Last updated on 2nd June 2011
This month the National Institute for Health and Clinical Excellence (NICE) published their new evidence-based clinical guideline on "Common mental disorders: identification and pathways to care". The description reads "This clinical guideline offers evidence-based advice on the care and treatment of adults who have common mental health disorders, with a particular focus on primary care. It brings together advice from existing guidelines and combines it with new recommendations on access to care, assessment and developing local care pathways for common mental health disorders. Common mental health disorders include depression, generalised anxiety disorder, panic disorder, obsessive-compulsive disorder, post‑traumatic stress disorder and social anxiety disorder."
The 62 page guideline is available as a PDF and in Word format. It also comes as a 24 page "Quick reference guide" for health professionals, and as a 16 page "Getting help and support for common mental health problems" overview for the general public. For those who really want to chew into the guideline there is a full 384 page version, 184 pages of supporting documents and an easily navigable web-based version of the guidance. There are also a series of downloadable resources available to help organizations implement the guidance.
The associated press release comments that this new guideline " ... aims to help GPs provide quick, cost-effective treatment to improve the lives of millions of people experiencing common mental health disorders. Common mental health disorders can affect up to 15% of the population at any one time. They account for one in five of all work days lost and cost UK employers £25bn each year. Common mental health disorders include depression, generalised anxiety disorder, panic disorder, obsessive-compulsive disorder (OCD), post-traumatic stress disorder (PTSD) and social anxiety disorder. This new NICE guideline on the identification of and pathways to care for common mental health disorders focuses on primary care. It draws on existing NICE guidelines and makes new recommendations on how patients are assessed, and when and how they are referred to other services for treatment. The guideline also provides clear advice to managers and commissioners on how to develop referral and care pathways in their local area."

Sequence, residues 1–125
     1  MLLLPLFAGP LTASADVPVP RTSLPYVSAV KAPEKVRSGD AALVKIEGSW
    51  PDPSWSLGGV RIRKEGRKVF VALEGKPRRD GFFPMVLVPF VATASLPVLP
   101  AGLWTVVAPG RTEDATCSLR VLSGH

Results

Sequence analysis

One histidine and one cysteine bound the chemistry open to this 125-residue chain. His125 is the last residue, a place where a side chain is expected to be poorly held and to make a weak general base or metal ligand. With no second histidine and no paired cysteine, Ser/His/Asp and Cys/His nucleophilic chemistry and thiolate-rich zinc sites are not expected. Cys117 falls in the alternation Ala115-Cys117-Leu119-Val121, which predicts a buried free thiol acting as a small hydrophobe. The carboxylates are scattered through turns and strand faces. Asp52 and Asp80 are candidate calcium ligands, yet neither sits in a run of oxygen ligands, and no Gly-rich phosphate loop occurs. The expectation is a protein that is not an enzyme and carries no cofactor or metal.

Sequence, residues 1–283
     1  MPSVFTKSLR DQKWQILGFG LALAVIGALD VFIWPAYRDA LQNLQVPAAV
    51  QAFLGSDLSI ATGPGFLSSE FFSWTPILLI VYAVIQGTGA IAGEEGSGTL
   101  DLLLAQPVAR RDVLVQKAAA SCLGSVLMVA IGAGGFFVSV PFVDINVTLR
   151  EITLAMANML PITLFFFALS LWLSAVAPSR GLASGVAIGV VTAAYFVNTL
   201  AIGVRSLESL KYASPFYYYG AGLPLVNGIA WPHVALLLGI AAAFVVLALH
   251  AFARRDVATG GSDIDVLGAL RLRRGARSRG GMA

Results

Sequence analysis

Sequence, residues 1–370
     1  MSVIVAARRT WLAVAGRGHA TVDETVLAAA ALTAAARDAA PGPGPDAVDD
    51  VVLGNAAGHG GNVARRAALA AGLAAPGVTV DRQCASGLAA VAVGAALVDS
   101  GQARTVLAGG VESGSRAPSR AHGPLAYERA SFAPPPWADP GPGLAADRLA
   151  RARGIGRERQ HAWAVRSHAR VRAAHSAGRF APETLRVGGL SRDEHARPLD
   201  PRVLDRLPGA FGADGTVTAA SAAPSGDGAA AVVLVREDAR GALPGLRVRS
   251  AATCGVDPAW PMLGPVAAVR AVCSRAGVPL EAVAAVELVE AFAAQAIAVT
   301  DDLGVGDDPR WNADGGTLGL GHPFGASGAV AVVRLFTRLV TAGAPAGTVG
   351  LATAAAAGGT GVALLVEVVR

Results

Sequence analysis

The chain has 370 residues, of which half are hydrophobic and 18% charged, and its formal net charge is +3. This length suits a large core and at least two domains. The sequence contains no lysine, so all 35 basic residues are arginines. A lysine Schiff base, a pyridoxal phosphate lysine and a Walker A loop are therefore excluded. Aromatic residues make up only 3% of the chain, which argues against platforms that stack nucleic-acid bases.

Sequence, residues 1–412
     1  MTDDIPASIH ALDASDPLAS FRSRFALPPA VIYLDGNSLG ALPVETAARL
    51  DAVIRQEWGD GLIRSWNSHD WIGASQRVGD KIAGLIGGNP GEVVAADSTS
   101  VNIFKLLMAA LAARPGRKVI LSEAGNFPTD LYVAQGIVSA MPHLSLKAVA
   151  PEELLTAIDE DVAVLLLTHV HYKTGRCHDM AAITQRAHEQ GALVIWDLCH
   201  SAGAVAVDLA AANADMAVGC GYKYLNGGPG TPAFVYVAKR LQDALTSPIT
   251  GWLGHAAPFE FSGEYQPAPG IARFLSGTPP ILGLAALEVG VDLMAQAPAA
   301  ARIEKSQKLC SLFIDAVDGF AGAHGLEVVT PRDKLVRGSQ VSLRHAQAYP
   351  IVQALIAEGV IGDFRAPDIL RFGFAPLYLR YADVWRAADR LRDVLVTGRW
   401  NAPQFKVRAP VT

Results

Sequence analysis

Dr Clare Gerada, chair of the Royal College of General Practitioners said: "GPs can see patients with two, three or four different conditions and while we have a myriad of guidance, it can be difficult to know where to start. The new NICE resource is really helpful as it lists the various common mental health disorders all on one page for easy reference and brings together existing guidelines. It also gives advice on what to treat first, for example, if you have a patient with anxiety as well as depression. We are really pleased that NICE is listening to GPs and producing practical guidance that can be easily adopted for the benefit of patients." While Dr Olivia Carlton, President of the Society of Occupational Medicine, commented: "Mental health problems such as stress, anxiety and depression are the biggest cause of sickness absence in the UK. We need to remove the stigma associated with these conditions. They are very common and many people will experience one or more periods of this type of illness during their life or live and work with others who are affected. By following this new guidance we can reduce the economic cost and and personal suffering that these conditions cause."